29 November 2012 16:09 [Source: ICIS news]
LONDON (ICIS)--State-controlled investors behind a planned petrochemical complex in Gdansk, Poland, said on Tuesday the site will annually produce around 1m tonnes/year of products primarily aimed at addressing the country's lack of domestically-made petrochemical raw materials.
In the past two decades, Poland's oil industry has failed to roll out enough petrochemical projects to keep up with the raw material demand of the country's fast-developing chemical industry and other industries, said refiner Grupa Lotos and chemical group Zaklady Azoty Tarnow (ZAT).
The fact that ZAT has to meet all of its propylene needs with imports was one illustration of how unsatisfactory the situation has become, the companies added in further presentations on their intended zlotych (Zl) 6bn ($1.9bn, €1.5bn) petrochemical park, to be located adjacent to Lotos' Gdansk refinery.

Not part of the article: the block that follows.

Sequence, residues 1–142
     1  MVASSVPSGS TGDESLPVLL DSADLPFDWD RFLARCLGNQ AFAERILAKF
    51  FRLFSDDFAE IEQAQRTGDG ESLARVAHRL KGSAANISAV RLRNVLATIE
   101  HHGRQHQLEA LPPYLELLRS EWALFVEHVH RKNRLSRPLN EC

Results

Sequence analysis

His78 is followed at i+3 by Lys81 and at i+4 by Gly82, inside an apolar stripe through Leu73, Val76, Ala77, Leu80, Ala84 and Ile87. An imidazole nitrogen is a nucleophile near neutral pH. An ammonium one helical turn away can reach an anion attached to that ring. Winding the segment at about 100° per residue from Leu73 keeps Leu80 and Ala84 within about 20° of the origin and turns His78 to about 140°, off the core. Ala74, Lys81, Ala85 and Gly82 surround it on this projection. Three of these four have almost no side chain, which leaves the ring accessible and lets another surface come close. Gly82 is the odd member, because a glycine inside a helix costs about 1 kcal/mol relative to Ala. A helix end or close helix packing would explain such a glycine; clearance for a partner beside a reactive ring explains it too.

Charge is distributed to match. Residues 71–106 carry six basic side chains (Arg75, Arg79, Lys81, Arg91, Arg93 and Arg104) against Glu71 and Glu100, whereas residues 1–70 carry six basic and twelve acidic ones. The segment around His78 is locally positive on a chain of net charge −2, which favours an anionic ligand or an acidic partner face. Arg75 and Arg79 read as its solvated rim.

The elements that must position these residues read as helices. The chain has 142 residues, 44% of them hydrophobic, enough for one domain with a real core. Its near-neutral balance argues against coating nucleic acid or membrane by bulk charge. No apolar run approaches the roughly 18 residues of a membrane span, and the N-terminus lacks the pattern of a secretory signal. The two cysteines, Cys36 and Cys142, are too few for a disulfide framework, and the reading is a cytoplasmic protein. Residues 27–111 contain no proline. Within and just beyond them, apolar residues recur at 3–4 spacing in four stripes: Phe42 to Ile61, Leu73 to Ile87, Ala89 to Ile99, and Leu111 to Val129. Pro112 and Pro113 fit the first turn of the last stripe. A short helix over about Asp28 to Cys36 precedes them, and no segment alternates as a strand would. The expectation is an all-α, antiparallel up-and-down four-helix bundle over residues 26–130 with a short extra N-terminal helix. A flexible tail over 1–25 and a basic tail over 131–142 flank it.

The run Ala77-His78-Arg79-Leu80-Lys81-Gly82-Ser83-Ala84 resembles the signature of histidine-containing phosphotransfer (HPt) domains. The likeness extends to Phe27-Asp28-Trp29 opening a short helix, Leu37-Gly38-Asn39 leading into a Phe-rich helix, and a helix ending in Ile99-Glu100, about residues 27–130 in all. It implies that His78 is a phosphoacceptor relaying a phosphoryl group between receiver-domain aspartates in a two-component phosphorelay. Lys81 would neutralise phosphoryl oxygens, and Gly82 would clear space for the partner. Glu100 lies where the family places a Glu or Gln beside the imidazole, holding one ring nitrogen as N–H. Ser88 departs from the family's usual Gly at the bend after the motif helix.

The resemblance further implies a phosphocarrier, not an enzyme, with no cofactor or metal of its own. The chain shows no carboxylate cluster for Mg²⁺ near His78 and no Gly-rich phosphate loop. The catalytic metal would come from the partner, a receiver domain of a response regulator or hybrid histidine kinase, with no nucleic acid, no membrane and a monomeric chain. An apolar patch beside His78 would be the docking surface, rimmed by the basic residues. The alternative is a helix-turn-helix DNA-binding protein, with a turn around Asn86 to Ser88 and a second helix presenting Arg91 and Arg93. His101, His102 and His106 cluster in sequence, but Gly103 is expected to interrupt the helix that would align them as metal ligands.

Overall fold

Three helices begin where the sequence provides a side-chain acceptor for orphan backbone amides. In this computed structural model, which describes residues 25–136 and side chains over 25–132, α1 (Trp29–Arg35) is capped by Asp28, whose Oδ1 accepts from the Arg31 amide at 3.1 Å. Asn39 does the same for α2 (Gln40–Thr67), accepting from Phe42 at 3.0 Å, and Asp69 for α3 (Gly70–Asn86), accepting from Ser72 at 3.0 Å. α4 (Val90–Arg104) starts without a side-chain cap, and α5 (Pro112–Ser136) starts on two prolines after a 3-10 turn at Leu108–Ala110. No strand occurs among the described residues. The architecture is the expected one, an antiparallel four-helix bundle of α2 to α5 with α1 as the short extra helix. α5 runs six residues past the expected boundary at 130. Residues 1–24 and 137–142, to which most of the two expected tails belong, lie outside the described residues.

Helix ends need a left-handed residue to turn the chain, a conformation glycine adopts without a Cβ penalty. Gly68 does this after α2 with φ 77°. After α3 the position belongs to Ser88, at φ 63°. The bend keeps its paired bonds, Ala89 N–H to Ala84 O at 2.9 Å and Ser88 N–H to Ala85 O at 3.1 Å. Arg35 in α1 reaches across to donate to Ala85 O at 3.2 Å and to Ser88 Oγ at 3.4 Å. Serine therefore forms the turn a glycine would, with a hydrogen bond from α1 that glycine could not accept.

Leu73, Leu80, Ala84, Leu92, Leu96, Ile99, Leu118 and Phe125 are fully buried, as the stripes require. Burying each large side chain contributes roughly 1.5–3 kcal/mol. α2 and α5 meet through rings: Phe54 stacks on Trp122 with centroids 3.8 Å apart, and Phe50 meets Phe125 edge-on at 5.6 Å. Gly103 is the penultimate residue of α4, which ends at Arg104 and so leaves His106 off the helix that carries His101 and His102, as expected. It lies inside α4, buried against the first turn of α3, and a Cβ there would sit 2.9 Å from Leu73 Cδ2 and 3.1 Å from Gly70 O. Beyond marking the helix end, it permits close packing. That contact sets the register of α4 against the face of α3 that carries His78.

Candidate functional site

Poland's first ever industrial-scale methanol plant could also be built in the park, according to the companies' plans.
While helping to roll back Poland's overall annual chemical goods trade deficit of more than €5bn ($6.4bn), the investment could also serve as a driver of development in and around Gdansk, said ZAT CEO Jerzy Marciniak.
“This type of project is able to generate demand that should [directly and indirectly] generate between 2,500 to 3,000 jobs across different industries ... while it will also lead to better use of the [Gdansk] port, railways, roads and motorways, which is added value in itself,” he added.
A pre-feasibility study ordered by ZAT and Lotos will look at whether the petrochemical complex should be centred around an ethylene cracker or an aromatics extraction plant.
Initial production is expected by late 2017 at the earliest, the companies said.
($1 = Zl 3.17, €1 = Zl 4.10)
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